Whatever you are doing this weekend, I hope you find moments to relish fully!

11 October 2013

The Heretics Heart

I come at my spirituality from the not entirely unique position of being someone raised marginally Catholic until my teens and then thrown into the church (always a bad plan - take one headstrong teen, add patriarchy and a huge helping of snark, and see what happens), considered becoming a nun in the 11th grade (oh so briefly but enough to startle myself), and then a few years after graduating found myself wandering the woods with some strangers and realized I was "home".

For all my wanderings and writings, I have never lost sight of the church. I was baptised and went through the adult religious orientation to be confirmed and receive the sacraments of communion and so I am - in so far as the church is concerned - an apostate and a heretic.

Even though the decision to become catholic was made as a teenager (and one can safely say that teenagers really have no idea what they're doing), I think it does a huge disservice to the idea of oath making so prevalent within heathen circles to say a vow made as a teenager has no weight. It does a disservice to my heathen spirituality to not own up to that oath, that promise, whatever has happened in the meantime.

At the same time heathens have rightly - if not indelicately - pointed out that coming from the monotheistic background is something that should be expunged from our beliefs and practices now. We carry a lot of baggage regardless of what side of the monotheistic branch we come. While I disagree that some of those applications are purely from my Catholic background (see the part where I mentioned having a personal relationship with deity), I can see the problem with its overall acceptance in heathen circles. Specifically looking at that example, a personal relationship with deity has been regularly abused to mean that someone knows more and has more authority than others because God/Gods told them so.

... because we haven't seen THAT abused historically, have we?

So what to do then? How does someone who believes very much in the legitimacy of all the Gods, and to a degree all the faiths, practice when her spiritual home is literally two factions who on the surface think the other faction is evil?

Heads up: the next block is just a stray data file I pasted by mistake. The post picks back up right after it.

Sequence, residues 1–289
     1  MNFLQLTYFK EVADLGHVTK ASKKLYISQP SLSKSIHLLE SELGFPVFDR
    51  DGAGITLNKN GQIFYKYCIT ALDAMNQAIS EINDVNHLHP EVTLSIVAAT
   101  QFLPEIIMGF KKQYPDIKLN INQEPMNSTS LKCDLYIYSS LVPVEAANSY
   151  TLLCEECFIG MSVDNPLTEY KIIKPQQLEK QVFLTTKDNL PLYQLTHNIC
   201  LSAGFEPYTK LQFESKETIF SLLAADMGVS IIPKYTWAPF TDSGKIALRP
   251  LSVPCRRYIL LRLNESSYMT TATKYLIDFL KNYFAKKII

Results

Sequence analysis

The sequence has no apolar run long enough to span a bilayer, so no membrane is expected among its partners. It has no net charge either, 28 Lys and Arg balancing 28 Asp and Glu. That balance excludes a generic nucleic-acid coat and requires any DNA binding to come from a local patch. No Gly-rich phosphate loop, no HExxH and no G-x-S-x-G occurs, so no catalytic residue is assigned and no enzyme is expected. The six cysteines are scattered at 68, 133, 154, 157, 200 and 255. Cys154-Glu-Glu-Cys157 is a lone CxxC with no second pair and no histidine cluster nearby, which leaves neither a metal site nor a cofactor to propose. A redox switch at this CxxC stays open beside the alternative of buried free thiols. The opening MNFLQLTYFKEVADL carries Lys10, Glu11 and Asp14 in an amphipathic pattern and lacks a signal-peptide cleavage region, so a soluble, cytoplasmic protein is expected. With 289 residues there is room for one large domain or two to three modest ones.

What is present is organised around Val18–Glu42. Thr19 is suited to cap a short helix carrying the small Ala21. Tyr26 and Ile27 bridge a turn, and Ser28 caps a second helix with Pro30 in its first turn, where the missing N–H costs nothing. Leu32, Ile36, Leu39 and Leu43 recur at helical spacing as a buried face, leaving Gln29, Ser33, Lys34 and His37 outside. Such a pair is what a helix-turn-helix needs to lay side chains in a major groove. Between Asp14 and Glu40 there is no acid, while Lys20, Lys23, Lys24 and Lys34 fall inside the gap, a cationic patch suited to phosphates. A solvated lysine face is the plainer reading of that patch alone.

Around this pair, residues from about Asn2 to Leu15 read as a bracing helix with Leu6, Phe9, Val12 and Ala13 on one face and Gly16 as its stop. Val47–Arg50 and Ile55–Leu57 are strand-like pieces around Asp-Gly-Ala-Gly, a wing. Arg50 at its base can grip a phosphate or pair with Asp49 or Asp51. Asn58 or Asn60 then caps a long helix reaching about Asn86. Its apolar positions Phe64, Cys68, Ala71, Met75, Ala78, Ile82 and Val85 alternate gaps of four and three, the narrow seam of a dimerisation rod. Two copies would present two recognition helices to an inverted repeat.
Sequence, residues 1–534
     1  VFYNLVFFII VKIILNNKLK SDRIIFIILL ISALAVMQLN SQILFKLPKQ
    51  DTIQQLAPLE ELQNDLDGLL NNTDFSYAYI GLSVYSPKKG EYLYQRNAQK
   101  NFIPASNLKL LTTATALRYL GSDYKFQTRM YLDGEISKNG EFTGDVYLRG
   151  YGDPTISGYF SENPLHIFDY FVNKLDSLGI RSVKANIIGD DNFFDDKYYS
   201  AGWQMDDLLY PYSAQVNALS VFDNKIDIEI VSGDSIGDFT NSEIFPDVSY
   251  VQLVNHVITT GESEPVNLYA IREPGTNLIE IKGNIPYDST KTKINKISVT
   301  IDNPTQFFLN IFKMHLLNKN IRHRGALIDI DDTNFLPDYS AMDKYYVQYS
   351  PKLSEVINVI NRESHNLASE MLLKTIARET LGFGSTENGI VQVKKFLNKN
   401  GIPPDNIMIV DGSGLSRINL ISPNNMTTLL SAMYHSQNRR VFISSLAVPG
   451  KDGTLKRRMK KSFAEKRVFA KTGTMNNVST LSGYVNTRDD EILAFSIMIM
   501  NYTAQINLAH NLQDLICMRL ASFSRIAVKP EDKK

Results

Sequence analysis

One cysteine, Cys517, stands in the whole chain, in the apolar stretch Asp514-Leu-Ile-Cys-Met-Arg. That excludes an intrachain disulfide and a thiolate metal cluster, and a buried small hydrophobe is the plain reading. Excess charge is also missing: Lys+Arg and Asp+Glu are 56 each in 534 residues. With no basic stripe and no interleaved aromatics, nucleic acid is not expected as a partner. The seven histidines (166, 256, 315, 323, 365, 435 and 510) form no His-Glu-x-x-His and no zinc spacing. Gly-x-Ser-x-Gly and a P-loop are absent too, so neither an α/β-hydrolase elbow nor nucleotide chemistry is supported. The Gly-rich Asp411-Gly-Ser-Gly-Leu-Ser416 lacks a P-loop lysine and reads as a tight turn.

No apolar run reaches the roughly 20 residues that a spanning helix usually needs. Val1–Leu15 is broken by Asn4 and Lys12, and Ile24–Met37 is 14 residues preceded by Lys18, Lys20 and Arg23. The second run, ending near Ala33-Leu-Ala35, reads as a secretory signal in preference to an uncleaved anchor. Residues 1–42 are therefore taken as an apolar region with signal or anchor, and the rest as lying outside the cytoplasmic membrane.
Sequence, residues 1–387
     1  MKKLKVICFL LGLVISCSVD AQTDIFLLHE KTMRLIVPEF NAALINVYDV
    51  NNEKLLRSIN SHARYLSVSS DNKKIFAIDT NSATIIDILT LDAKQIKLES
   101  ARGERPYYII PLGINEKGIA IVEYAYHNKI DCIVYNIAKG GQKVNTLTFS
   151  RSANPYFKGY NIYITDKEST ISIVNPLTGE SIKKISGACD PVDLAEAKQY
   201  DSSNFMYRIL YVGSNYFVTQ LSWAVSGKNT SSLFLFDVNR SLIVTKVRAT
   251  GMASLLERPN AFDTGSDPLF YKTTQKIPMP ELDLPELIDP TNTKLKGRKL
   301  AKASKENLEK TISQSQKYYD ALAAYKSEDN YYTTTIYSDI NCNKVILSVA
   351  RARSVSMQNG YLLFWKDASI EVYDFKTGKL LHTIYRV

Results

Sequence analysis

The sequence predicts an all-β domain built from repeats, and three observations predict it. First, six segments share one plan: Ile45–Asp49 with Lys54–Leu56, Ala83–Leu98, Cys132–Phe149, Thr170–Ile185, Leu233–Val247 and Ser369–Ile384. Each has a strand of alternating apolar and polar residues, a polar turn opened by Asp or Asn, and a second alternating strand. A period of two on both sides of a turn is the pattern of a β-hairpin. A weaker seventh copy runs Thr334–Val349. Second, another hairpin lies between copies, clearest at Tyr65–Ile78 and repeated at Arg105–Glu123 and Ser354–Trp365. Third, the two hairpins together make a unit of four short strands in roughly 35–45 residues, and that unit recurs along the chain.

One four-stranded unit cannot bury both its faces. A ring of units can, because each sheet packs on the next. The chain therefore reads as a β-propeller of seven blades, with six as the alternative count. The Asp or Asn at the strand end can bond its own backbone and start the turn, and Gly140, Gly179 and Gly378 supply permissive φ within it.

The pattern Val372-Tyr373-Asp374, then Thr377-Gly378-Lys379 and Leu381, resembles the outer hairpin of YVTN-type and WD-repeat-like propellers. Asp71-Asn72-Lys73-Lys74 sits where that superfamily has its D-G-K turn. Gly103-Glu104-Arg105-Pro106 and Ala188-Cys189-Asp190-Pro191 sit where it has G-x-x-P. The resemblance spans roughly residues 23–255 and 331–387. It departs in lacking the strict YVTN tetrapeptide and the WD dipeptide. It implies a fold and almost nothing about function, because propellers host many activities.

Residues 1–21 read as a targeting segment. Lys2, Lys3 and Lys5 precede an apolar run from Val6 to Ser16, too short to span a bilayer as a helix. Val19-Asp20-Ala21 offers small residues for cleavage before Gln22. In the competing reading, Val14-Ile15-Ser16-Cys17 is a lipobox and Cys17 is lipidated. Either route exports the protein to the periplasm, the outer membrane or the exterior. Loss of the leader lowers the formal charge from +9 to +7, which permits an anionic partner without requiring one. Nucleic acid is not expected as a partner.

I have found that differentiating between ignorance and hate. Research helps. And in the end, there is a level of accepting that I am never going to fully be in one world or the other. It isn't an easy path and there is a lot of room for doubt, but there is also a better understanding of what makes me tick.

Anyway, this is something I would like to revisit and dig into more. In the meantime I am off to western Massachusetts for a long weekend spiritual retreat. I hope you are all enjoying this gorgeous fall!

27 September 2013

Heathen, YMMV

A big part of the reason I wanted to blog was to start to centralize and identify what it means to me to be heathen. I am straddling the world of home-decor and demolition with my spirituality, two things that don't necessarily go together in the blogosphere but two things that my life revolves around regardless.

It is super important to specify that this is what it means to me and other heathens, pagans, non-pagans, etc,will find that their mileage varies. I do not expect everyone who proclaims to follow Asatru to worship the same face of Odin that I see, nor would I be particularly pleased to find out that I was judged for how I view work and working with deity. The same follows for ritual structure, lore study, rune meanings, and the whole literal and figurative nine. 

So I am not a fundamentalist Heathen by any stretch. I will circle up with Wiccans, I will blot with those who worship Loki, and I will defend interfaith ministry and prison ministry passionately. I especially appreciated the sentiment in this blog The Witching Hour by Peg Aloi about faith: